Teaching gratitude and Thanksgiving in Your Course
Joshua Hook is a Psychology Professor at The University of North Texas.
We are getting close to Thanksgiving, which is my favourite holiday. I love all the traditions: the food, family gatherings, watching football, decorating for Christmas, and the decorating. My family has a tradition where we all go around the table to share what we are thankful for. We share our gratitude. Here are some tips to teach gratitude to your students.
Benefits of gratitude
Research has shown that gratitude is strongly linked to positive mental health and well being. Many of us struggle with gratitude. If we don’t pay attention, we can easily focus on the negative instead of the positive things in our lives.
Gratitude is difficult
Even though I am a researcher in Positive Psychology, I have been guilty of this. My natural tendency is not to dwell on the “wrong” things in my life. COVID-19 is one example of what frustrates me. I feel stressed about the election, and the division in our nation. When my daughter doesn’t sleep through the night, I feel tired. And so on.
We tend to focus on the negative
Evolution is responsible for our tendency to focus on negative things. Our survival depended on our ability to see the negative aspects of our environment. This was long ago. We might have died if we didn’t see the predator hiding in the bush. Our world isn’t as dangerous today, but our minds aren’t adapting. Despite being unhappy, we still focus on the negative.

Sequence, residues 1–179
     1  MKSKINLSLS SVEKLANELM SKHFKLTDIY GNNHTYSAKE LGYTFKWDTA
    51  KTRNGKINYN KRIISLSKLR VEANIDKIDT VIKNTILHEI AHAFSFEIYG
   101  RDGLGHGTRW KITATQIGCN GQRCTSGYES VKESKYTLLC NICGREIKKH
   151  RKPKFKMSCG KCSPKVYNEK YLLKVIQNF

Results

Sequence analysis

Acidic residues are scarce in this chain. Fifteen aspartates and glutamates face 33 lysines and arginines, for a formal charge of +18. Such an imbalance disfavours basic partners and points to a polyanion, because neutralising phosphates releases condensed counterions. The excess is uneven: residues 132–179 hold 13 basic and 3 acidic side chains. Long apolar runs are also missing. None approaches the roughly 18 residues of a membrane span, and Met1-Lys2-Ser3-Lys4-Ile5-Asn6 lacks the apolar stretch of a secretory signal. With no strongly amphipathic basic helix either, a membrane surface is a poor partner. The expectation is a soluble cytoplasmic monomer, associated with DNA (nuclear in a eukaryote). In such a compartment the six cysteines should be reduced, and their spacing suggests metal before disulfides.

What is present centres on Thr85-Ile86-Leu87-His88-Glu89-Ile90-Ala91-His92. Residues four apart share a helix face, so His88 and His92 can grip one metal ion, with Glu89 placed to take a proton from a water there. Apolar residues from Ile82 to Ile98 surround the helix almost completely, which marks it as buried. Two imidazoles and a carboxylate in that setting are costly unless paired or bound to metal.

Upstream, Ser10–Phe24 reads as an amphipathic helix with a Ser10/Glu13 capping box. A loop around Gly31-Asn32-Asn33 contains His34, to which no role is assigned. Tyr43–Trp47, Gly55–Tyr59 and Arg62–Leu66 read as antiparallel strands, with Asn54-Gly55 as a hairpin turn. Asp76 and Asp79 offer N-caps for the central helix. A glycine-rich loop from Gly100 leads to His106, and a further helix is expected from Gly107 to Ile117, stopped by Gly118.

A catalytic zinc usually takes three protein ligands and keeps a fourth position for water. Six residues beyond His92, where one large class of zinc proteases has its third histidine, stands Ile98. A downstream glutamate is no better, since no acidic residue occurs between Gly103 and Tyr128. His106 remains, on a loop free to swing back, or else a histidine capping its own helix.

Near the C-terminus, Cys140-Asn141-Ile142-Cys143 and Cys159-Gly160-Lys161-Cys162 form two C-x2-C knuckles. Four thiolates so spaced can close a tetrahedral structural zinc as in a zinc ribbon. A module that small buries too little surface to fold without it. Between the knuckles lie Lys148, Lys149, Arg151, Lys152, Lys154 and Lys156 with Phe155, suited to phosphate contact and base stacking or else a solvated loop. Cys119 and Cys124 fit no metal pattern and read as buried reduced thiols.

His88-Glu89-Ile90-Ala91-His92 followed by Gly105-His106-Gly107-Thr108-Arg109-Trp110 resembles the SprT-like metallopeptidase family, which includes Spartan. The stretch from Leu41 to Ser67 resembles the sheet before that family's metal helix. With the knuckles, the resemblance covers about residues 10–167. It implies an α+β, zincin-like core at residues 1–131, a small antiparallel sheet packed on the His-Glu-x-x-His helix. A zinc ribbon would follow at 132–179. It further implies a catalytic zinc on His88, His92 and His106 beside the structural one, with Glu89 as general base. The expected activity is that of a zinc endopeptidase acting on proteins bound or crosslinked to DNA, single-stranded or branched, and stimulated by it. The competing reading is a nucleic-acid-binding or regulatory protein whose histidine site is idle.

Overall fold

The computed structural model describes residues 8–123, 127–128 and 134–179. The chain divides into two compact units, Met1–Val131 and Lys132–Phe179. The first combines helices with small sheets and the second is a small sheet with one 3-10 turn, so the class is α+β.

How to Instill Gratitude Habits
It is possible to overcome our tendency to focus on negative things, but it takes effort. Below are some examples of gratitude exercises and reflection questions.
4 Gratitude Exercises
Gratitude Journal. Write down three things that you are grateful for each morning. Before you start your day, take a moment to reflect on the three things.
Write a Gratitude letter. Send a thank you letter to someone you haven’t thanked properly. Send the letter to them.
A Gratitude Apple a day. This is a variation on the gratitude journal. Write down one thing that you are grateful for each morning. The twist is that you can’t recite something from the previous day each morning. For a month, try to remember one thing only.
Thankful for the Tough. Think of one thing that happened this past year that was difficult. Find at least one positive thing that happened during the challenge.
What is one thing that you are grateful for? Share your gratitude with your neighbor.
Many of us have had a difficult year in 2020. Is it possible for us to be grateful even when we are struggling?
It’s not enough to feel grateful. We must develop gratitude habits that constantly draw our attention to the good things in life. I hope that you and your students will take a moment to reflect on your own Thanksgiving.
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